Saturday, April 24, 2010

MEDIA: Bill Maher Embraces The Teabaggers

"This conjunction of an immense military establishment and a large arms industry is new in the American experience. The total influence -- economic, political, even spiritual -- is felt in every city, every State house, every office of the Federal government . . . In the councils of government, we must guard against the acquisition of unwarranted influence, whether sought or unsought, by the military-industrial complex. The potential for the disastrous rise of misplaced power exists and will persist. We must never let the weight of this combination endanger our liberties or democratic processes."
– President Dwight D. Eisenhower
Farewell Address to the nation, January 1961

Bill Maher, like Jon Stewart and Steven Colbert, practices what the great satirists like Voltaire and Swift and Twain and Vonnegut all understood: make them laugh to make them think. Maher may at times push the limits of taste for some people, but his humor is usually pushing the audience to see the absurdities of our culture and government—local, national, and global. Some of the most effective satire is born of frustration or anger. Instead of shouting at or physically attacking the object of frustration, a satirist finds a way to poke fun at the situation and advance a more clear or sensible alternative. Maher is a master at this.

Case in point: at the end of every episode of his Friday HBO series "Real Time," Maher offers up a few "New Rules" for modern society. The rules target issues and people of the moment, and they allow Maher and his staff to craft the most literary satiric material for what is essentially an issues-based talk show. It's just Maher speaking directly to the camera. The April 23 "New Rule" directed at the Teabaggers/Tea Party was one of Maher's finest moments in years. He questions how serious these Teabaggers are about cutting the deficit and shrinking the national debt. No need to explain what he says—watch it for yourself:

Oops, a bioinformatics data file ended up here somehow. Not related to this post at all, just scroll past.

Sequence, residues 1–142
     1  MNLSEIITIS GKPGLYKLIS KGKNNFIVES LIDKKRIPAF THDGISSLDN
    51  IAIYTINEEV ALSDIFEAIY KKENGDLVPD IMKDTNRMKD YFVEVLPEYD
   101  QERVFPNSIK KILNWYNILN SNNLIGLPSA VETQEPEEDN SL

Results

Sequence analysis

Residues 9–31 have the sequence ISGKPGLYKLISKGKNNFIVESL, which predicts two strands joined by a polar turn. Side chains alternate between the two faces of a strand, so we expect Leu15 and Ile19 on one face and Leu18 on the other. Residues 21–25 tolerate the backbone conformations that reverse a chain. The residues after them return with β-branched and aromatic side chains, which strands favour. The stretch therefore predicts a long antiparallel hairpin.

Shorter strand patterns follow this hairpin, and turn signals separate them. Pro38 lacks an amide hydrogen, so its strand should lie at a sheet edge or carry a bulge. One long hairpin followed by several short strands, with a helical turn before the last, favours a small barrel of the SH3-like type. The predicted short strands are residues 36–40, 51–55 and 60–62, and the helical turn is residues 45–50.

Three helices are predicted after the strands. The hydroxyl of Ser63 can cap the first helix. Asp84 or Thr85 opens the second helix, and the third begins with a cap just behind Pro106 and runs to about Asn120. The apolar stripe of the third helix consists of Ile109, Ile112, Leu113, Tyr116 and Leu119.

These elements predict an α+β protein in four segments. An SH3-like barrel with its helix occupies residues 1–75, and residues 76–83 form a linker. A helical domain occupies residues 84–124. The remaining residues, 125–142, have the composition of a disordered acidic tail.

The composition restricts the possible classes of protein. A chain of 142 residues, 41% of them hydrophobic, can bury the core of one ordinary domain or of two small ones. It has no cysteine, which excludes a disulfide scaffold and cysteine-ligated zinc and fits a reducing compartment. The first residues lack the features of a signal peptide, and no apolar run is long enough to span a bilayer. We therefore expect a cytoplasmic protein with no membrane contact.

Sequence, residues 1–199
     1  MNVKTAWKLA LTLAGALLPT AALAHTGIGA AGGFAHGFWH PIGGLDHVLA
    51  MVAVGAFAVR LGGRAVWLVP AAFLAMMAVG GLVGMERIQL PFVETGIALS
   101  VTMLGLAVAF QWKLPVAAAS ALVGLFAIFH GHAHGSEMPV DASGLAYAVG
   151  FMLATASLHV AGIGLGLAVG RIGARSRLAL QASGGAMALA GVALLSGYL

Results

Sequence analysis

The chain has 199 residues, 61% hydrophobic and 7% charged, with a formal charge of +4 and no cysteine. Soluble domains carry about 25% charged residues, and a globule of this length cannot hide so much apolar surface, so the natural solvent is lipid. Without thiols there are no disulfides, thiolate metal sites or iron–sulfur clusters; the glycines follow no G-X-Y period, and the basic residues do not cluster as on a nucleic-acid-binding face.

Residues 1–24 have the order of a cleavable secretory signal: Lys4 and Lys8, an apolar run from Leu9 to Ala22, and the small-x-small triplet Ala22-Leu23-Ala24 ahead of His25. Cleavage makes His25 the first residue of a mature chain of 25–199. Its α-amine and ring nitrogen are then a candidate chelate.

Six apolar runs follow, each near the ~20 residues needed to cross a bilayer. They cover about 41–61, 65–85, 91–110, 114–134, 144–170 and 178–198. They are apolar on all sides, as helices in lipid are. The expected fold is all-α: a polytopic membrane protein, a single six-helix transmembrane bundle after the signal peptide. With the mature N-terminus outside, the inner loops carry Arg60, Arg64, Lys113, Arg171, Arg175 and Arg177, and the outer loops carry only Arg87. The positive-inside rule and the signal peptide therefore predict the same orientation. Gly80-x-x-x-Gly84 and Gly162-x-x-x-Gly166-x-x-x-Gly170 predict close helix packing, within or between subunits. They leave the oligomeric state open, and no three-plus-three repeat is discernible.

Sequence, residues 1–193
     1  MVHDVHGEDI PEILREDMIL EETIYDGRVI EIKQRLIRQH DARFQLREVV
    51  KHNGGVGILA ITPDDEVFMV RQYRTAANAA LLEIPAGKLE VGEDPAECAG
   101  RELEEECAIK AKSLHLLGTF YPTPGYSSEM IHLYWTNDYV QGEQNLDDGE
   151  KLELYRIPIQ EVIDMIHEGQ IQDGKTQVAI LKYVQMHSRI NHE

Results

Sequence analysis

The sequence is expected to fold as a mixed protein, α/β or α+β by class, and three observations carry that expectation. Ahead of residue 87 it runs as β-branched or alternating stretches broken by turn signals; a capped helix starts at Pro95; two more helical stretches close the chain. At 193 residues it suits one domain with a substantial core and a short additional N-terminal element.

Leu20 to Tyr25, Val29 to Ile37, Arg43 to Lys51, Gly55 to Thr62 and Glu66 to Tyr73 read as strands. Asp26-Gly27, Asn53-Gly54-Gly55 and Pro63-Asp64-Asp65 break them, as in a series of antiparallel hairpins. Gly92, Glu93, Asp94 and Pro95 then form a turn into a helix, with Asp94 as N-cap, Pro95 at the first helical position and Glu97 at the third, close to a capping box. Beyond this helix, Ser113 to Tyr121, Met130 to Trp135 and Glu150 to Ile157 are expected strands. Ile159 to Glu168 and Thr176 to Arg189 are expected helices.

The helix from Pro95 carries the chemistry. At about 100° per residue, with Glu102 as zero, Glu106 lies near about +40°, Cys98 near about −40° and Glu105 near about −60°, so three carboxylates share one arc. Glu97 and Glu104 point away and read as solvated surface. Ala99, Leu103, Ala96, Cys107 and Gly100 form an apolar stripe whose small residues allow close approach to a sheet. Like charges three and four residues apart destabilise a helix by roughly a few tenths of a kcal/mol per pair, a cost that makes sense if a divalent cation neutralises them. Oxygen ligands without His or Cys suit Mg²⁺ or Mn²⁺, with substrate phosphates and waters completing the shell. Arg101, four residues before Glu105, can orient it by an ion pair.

Nice hat, huh?

The U.S. military Empire as a family's "big dumb boat" analogy is brilliant. It's an excess that our country can ill afford in economic times such as these. Yet we keep pouring trillions of tax payer dollars into this sinkhole for some inane notion of world dominance and to make us feel more patriotic and allegedly safer. As Maher suggests, let's cut our military spending in half and see who invades us. We sure could use the currently wasted cash to reduce our strangling debt from the past 9 years of elective wars, ill-advised tax cuts, and irresponsible non-regulation of our rigged financial system.

Like the great satirists, Maher's purpose in this "New Rule" is to ultimately display the folly of our country's behavior. We want the government to cut taxes but we still want the government to provide the key services we've come to depend on. Like children, Teabaggers—and many non-Teabagging Americans—don't seem to understand that there really is no free lunch. Everything costs money and someone has to pay for all of it. If we want granny to receive the health benefits of Medicare, we have to pay for it. If we want our parents to enjoy the benefits of Social Security they worked so many years for when they retire, we have to pay for it. If we want our roads maintained and our schools functioning and the water we drink to be clean and safe, we have to pay for it. It's that simple. And as Maher suggests, instead of funneling so much of our dear cash resources into military-industrial companies that primarily benefit the oligarchy of executives that run those companies and too much of our economy, maybe, just MAYBE, we should get serious about fiscal responsibility and slash our military budget by trillions. Maybe then the teabaggers and every stripe of American will benefit and quit complaining that we as a society are spending money on each other.